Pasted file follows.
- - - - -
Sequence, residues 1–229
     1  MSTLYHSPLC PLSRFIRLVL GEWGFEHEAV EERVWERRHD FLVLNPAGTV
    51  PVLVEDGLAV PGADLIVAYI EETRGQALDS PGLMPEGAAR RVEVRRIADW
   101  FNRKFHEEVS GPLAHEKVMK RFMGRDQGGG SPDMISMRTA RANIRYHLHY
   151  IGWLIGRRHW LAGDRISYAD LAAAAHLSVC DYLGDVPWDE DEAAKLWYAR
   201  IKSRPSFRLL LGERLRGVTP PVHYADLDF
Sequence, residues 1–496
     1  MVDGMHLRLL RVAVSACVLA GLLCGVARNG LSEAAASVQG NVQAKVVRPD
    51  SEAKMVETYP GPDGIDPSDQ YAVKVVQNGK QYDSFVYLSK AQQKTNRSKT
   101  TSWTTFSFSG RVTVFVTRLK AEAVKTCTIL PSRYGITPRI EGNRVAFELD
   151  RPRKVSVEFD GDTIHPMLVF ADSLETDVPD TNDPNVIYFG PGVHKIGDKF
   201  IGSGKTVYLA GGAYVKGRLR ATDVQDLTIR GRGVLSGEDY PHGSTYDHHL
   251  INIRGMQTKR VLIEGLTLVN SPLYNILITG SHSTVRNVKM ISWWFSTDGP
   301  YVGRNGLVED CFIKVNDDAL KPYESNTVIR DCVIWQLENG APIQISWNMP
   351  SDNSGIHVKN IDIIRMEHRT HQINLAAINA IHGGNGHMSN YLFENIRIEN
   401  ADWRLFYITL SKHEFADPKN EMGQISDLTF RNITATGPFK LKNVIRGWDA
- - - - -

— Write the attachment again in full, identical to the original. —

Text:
Sequence, residues 1–229
     1  MSTLYHSPLC PLSRFIRLVL GEWGFEHEAV EERVWERRHD FLVLNPAGTV
    51  PVLVEDGLAV PGADLIVAYI EETRGQALDS PGLMPEGAAR RVEVRRIADW
   101  FNRKFHEEVS GPLAHEKVMK RFMGRDQGGG SPDMISMRTA RANIRYHLHY
   151  IGWLIGRRHW LAGDRISYAD LAAAAHLSVC DYLGDVPWDE DEAAKLWYAR
   201  IKSRPSFRLL LGERLRGVTP PVHYADLDF
Sequence, residues 1–496
     1  MVDGMHLRLL RVAVSACVLA GLLCGVARNG LSEAAASVQG NVQAKVVRPD
    51  SEAKMVETYP GPDGIDPSDQ YAVKVVQNGK QYDSFVYLSK AQQKTNRSKT
   101  TSWTTFSFSG RVTVFVTRLK AEAVKTCTIL PSRYGITPRI EGNRVAFELD
   151  RPRKVSVEFD GDTIHPMLVF ADSLETDVPD TNDPNVIYFG PGVHKIGDKF
   201  IGSGKTVYLA GGAYVKGRLR ATDVQDLTIR GRGVLSGEDY PHGSTYDHHL
   251  INIRGMQTKR VLIEGLTLVN SPLYNILITG SHSTVRNVKM ISWWFSTDGP
   301  YVGRNGLVED CFIKVNDDAL KPYESNTVIR DCVIWQLENG APIQISWNMP
   351  SDNSGIHVKN IDIIRMEHRT HQINLAAINA IHGGNGHMSN YLFENIRIEN
   401  ADWRLFYITL SKHEFADPKN EMGQISDLTF RNITATGPFK LKNVIRGWDA